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Syria will become the new United Nations Headquarters.
Assad or Twitler...
It's difficult to convey how oppressive Delhi's air pollution is.
Morning visibility is a couple of hundred metres. Through the eerie filtered light, figures emerge from and disappear into the gloom.
Some wear masks or handkerchiefs, most blithely dismiss the apocalyptic atmosphere, shrugging it off as "just fog".
Except it isn't.
Last Wednesday, central New Delhi's count of harmful PM2.5 particles exceeded a staggering 1,000 on the US EPA's air quality index. To put that in perspective, the highest rating, "hazardous to human health — do not go outside", is reserved for readings between 300 and 500.
Delhi was off the scale, twice.
Following angry protests several years ago, Chinese Premier Li Keqiang declared "war" on pollution, fearing worsening air could spark wider community unrest.
He ordered crackdowns on factories and power plants flouting rarely-enforced regulations.
According to Greenpeace, it's working.
Last year, the environmental group examined a decade of satellite particulate matter measurements, concluding "China's systematic efforts to combat air pollution have achieved an impressive improvement in average air quality".
India generally dislikes comparisons to rival China, and Greenpeace's findings didn't make for happy reading in Delhi.
"From 2011 to 2015, China has made big strides while in India, pollution levels have kept rising," the report noted.
Why? Because Delhiites' seasonal outrage rarely outlasts their social media posts, and the country's politicians know it.Meanwhile in states surrounding Delhi, illega
Time is running out to prevent a global environmental collapse — that's the stark warning 15,364 of the world's leading climate scientists have sent out.
Scientists from 180 countries, many in the developing world, put their names to the journal article published today in Bioscience, which also predicted temperature rises and unpredictable weather patterns that would cause widespread misery.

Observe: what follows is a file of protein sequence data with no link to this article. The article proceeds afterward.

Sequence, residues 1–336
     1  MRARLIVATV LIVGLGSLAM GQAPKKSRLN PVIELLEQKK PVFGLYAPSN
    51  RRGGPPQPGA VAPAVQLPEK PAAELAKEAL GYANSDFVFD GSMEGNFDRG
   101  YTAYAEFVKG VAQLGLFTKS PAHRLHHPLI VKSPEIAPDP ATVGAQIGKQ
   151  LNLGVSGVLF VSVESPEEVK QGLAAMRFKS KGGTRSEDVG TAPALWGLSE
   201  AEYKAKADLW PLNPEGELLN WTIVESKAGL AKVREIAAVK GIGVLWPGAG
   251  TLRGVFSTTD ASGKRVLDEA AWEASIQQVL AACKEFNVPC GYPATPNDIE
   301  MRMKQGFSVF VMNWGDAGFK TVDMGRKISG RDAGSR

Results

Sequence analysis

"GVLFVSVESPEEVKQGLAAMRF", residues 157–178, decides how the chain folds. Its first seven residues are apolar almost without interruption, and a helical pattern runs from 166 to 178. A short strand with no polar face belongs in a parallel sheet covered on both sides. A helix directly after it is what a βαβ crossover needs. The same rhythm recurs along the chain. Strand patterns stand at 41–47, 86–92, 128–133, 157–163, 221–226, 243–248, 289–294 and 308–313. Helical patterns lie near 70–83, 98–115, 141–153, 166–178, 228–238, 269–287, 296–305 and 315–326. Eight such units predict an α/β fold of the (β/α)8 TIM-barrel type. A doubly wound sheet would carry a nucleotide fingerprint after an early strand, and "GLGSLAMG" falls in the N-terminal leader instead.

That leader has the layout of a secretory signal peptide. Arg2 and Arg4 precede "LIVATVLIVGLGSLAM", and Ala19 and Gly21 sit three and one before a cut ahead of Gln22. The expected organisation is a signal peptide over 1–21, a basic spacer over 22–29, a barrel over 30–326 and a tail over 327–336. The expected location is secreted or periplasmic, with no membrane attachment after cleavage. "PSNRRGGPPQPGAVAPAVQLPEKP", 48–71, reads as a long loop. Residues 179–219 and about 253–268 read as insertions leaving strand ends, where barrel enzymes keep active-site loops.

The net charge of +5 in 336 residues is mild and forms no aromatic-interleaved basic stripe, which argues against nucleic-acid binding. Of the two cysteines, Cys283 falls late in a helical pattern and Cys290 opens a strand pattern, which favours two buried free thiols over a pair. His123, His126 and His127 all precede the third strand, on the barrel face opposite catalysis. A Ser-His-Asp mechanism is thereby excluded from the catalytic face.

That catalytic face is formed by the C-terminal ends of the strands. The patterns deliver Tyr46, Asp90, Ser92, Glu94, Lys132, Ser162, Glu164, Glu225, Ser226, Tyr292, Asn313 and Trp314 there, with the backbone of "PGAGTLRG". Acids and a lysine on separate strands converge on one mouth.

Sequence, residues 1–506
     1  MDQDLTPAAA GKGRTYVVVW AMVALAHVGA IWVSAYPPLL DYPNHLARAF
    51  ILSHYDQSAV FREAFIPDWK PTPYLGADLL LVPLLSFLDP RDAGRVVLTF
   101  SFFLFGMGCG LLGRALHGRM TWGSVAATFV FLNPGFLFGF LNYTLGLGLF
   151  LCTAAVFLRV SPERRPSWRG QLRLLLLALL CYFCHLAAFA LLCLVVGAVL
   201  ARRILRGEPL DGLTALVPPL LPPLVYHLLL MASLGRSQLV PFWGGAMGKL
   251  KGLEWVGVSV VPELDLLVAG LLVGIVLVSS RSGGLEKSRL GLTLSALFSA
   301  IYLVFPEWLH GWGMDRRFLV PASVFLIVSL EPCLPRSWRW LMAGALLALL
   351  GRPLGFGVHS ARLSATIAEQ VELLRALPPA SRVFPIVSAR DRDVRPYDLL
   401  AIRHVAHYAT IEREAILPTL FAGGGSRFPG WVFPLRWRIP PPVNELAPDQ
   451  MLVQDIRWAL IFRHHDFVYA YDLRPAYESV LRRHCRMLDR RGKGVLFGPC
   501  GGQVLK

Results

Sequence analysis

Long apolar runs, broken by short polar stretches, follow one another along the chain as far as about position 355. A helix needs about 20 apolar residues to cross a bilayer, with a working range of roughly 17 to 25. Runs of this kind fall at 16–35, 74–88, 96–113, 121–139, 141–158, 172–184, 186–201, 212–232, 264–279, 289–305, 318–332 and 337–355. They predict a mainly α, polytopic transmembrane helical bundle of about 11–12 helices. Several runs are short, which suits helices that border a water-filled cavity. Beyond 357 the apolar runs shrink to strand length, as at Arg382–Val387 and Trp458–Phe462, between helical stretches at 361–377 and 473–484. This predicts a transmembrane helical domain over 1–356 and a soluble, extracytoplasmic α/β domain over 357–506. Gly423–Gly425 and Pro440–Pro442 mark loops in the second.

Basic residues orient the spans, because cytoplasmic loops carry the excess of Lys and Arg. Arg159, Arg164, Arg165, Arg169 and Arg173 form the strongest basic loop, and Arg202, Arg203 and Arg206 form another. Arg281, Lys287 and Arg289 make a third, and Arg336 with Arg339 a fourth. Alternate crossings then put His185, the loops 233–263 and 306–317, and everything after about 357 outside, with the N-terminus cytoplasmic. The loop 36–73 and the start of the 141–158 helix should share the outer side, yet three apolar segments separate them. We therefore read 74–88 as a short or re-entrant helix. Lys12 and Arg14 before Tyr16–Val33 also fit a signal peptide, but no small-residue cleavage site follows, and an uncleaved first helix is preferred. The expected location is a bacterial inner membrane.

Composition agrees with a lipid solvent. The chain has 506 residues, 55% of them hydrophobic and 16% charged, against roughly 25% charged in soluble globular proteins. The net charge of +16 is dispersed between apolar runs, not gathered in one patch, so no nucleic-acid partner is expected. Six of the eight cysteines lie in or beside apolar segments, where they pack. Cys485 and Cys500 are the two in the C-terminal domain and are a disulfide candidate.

But the paper also noted it was not too late for governments to do something about it.
The number is believed to be the largest group of scientists to have ever put their names to a research paper focused on climate change.
One of the key authors of the paper, Bill Laurance, a research professor at James Cook University in Queensland, said this was the first time he had ever seen such a letter get sent out.
The paper focused on a number of issues, including the depletion of oceans, deforestation, endangered species and extinct species numbers, fresh water pollution and urban liveability.
It found the amount of fresh water available per capita has reduced by a quarter and almost 300 million acres of forests have been lost since 1960, while the human population has risen by a third.
"All kinds of instances of liveability of the planet," he said.
"It's far more than just climate change, although that's certainly a critical part."
The paper has depicted a bleak future world ravaged by climate change, a world characterised by human misery.
It called for population growth to be limited and for governments to stop focusing solely on economic growth.
I do not waste time arguing about "climate change", which used to be "global warming".
Climate, weather, change, hot, cold, ice age, volcanoes have been happening for hundreds of million years. I guess dinosaur farts caused the ice age?
To think that man can actually change/effect global weather is beyond preposterous. As we say in Philly, fuggedabowdit.
What possible effect could ONE species have on the ecosystem of an entire planet?
Twenty countries including Britain, Canada and New Zealand have joined an international alliance to phase out coal from power generation before 2030.
The Powering Past Coal Alliance was unveiled at the COP23 climate talks in Bonn, Germany, which were working out the technical details of the 2015 Paris Agreement.
"I think we can safely say that the response has been overwhelming," Canadian Environment Minister Catherine McKenna said.
"There is so much momentum, there is so much ambition in this room."
The alliance, which isn't legally binding, was launched days after a pro-coal presentation by the Trump administration jarred with many ministers who wanted the talks to focus on cleaner energy sources.
Australia isn't part of the alliance, which also doesn't include some of the world's biggest coal users China, India, the United States, Germany and Russia.
Coal is responsible for more than 40 per cent of global emissions of the greenhouse gas carbon dioxide.